Friday, July 7, 2017

First Days in the Field!

Hello everyone! My name is Hailey Maurer and I am very excited to be a field school student for the first time this summer! The 2017 field season has officially begun and anthropology students from universities throughout Michigan have gathered in Niles with the hope of making dazzling archaeological discoveries. We have successfully moved into our new living space and are continuing to adjust to the blessings and challenges that come with living and working communally. Fortunately, we share a love of archaeology and have bonded over our shared excitement and eagerness to enter the field.
On Wednesday afternoon we had our first opportunity to enter the field and begin learning the intensive processes associated with archaeological field work. A large portion of our first days in the field was spent clearing paths through brush and locating areas of interest. Points which had been mapped and marked in previous field seasons were located and used for reference in the process of identifying new points in an area of interest. This area, which lies to the south of the floodplain, has not been investigated in previous field seasons. As such, the investigation of this area began with the digging of a series of shovel test pits (STPs) to determine whether or not further investigation at the site might yield valuable information or help to answer important research questions. The STPs we have begun digging at this site have already yielded a number of artifacts including flakes, charcoal, and lead shot. The process of digging these STPs has also been valuable as it has been many students’ first opportunity to excavate, screen for artifacts, and make archaeological discoveries.
In the coming weeks, following the completion of the STPs at the newly defined site south of the floodplain, we will be moving on to excavate more thoroughly at the floodplain. Because the floodplain has been investigated in past field seasons, we have begun consulting a compilation of field notes from previous seasons, maps, and other reference materials in an attempt to determine the best locations to place this field season’s excavation units. This summer is off to a great start and I am excited to see how it progresses and what we discover!
Field school students taking direction during the first day of field work.

Here we are pictured using the total station to determine points of interest.

Tuesday, July 4, 2017

Off to Niles!

Hi everyone! My name is Mallory Moore and I am the new Public Outreach Coordinator for this season of the Fort St. Joseph Archaeology Project! I am currently an M.A. student of Anthropology at Wayne State University and this is my first year working with the project. I am helping to coordinate our effort with the local community and promote the project throughout the town of Niles, Michigan. We are very excited to get things moving forward this year! Our theme for this season is “Community Partnerships: Building Meaningful Connections Through Archaeology” which will be very apparent through our efforts in the Lecture Series and the Open House! This season has already come underway with our 13 brilliant students! This past week we began by practicing theirs field skills during our orientation. The students worked on perfecting their skills in Total Station, 1 x 1m and 2 x 2m unit plotting, and Right-Angle mapping so they will be good to go when we reach Fort St. Joseph. We are very excited to get things underway this season as we head to Niles on July 5th!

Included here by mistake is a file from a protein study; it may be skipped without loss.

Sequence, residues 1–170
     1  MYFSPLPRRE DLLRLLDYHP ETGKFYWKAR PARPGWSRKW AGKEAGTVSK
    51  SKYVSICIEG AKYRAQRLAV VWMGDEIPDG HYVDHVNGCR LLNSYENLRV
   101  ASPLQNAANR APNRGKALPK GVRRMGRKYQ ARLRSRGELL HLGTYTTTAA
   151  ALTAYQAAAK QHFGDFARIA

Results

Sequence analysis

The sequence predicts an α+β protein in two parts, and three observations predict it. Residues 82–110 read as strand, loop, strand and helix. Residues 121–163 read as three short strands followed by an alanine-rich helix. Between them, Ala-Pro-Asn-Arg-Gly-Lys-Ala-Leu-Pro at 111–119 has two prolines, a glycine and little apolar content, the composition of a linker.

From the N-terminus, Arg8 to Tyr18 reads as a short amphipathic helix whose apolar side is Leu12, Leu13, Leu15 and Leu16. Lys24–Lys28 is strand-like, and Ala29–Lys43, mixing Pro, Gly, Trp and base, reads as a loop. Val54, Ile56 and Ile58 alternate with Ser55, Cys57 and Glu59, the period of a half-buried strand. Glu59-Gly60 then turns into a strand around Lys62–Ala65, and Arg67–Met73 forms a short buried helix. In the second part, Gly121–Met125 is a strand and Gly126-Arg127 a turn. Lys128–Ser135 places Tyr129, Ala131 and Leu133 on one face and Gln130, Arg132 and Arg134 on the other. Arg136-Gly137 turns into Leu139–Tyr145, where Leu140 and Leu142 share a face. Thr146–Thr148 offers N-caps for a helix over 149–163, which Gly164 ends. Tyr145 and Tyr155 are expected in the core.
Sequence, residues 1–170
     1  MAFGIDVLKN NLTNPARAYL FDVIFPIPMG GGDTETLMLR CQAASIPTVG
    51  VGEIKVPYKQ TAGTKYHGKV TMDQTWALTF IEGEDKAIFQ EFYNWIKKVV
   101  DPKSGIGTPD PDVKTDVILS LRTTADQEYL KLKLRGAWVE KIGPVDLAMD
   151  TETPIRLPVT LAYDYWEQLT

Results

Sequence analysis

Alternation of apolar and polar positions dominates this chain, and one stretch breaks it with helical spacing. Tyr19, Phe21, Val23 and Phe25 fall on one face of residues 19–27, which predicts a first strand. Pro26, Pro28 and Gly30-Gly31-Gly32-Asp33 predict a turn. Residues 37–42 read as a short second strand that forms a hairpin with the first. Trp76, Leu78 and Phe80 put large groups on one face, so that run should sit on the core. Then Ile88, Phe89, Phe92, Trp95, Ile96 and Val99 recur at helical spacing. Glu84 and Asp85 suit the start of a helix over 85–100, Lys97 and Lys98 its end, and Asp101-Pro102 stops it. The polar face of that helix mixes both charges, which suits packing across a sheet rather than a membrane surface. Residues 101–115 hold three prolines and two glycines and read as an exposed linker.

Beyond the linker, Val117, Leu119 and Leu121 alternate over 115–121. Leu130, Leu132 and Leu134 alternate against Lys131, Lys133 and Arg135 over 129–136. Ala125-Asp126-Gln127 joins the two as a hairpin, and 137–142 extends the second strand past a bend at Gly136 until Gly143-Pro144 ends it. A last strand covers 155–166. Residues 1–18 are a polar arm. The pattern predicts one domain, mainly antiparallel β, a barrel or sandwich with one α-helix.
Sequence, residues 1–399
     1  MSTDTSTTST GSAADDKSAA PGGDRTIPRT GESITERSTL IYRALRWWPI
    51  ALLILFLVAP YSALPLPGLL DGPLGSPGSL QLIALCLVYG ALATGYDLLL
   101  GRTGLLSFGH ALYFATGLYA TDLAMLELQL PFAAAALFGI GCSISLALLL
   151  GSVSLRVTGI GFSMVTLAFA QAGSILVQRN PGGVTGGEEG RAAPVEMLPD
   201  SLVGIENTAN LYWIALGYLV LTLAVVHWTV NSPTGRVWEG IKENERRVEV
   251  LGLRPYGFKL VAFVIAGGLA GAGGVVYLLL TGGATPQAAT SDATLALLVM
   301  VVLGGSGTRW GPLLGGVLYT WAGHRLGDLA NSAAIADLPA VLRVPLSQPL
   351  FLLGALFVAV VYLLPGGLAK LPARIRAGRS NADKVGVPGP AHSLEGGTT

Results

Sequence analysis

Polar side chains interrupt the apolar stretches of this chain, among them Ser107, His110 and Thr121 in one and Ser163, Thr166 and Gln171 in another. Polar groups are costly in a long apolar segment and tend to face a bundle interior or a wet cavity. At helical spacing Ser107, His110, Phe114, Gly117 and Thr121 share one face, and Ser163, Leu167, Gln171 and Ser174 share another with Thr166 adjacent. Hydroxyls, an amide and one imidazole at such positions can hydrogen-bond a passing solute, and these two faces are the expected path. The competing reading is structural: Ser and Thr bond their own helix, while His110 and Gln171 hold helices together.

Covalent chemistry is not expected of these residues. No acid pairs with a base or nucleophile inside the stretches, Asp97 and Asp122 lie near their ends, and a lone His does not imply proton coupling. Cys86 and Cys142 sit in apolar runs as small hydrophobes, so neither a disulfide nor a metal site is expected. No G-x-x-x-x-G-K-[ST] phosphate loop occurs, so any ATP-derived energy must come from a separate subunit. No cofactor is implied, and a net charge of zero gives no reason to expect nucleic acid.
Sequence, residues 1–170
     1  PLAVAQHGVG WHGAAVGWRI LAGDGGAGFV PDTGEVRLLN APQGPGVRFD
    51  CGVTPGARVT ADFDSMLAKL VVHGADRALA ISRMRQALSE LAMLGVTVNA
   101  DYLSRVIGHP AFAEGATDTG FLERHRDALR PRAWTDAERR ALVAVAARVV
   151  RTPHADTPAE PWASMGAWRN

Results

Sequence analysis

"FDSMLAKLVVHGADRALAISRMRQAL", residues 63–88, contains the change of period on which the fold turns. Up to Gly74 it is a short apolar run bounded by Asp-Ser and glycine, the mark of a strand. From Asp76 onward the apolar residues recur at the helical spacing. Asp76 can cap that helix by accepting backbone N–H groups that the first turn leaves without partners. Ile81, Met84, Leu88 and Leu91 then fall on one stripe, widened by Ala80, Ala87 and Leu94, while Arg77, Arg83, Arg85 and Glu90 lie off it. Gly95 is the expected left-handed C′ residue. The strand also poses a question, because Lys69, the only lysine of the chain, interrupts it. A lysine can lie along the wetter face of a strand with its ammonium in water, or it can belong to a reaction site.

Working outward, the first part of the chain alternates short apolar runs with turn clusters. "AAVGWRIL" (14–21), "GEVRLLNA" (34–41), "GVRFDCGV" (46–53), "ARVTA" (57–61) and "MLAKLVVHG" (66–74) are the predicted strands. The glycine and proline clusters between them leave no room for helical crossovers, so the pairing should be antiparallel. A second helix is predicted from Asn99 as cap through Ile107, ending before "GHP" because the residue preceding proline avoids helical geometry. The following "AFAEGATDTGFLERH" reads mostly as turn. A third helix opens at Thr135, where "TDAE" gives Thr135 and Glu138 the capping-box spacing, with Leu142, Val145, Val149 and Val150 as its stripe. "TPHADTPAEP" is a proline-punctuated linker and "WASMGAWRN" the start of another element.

(Student Practicing Right-Angle Mapping at Orientation Photo Credit: Anne Volpe)

This year we have 4 new speakers coming to participate in the Lecture Series, which takes place every Wednesday from July 12th to August 2nd. The first one is Dr. Jonathan Bush, a Professor of English at Western Michigan University. His lecture is titled “Conversations and Collaborations; Objectives, and Obligations: Building and Sustaining Meaningful University-Community Partnerships in Context” and will take place on July 12th. The next lecture takes place on July 19th by Dr. Sonya Atalay, an Associate Professor of Anthropology at the University of Massachusetts-Amherst! Her lecture is titled "Braiding Knowledge: Community-Based Archaeology with Turkish and Native American Communities". The third lecture is by Dr. Beverley Smith, an Associate Professor of Anthropology at the University of Michigan-Flint. Her lecture takes place on July 26th and is titled “Negotiating Multiple Communities Surrounding(Literally and Figuratively) the Stone Street Recovery and Repatriation Project in Downtown Flint, MI”. Last but not least, our final lecture takes place on August 2nd by Dr. Dean Anderson, the Michigan State Archaeologist. His lecture discusses “Archaeology and Communities, Past and Present”. We are all very excited for what these amazing lecturers have to say!

Finally, our biggest event of the season is our annual Open House weekend, which takes place August 5th and 6th!  This is an event you will not want to miss! With a Living History experience, an Outdoor Museum exhibit, and the opportunity to interact with the students conducting our current excavations and observe some recently discovered artifacts, there is surely enough going on to interest the whole family! We look forward to seeing all of our old friends this season as well as making some new ones on our journey to learn more about the past! Make sure to keep an eye out for future blogs throughout our season!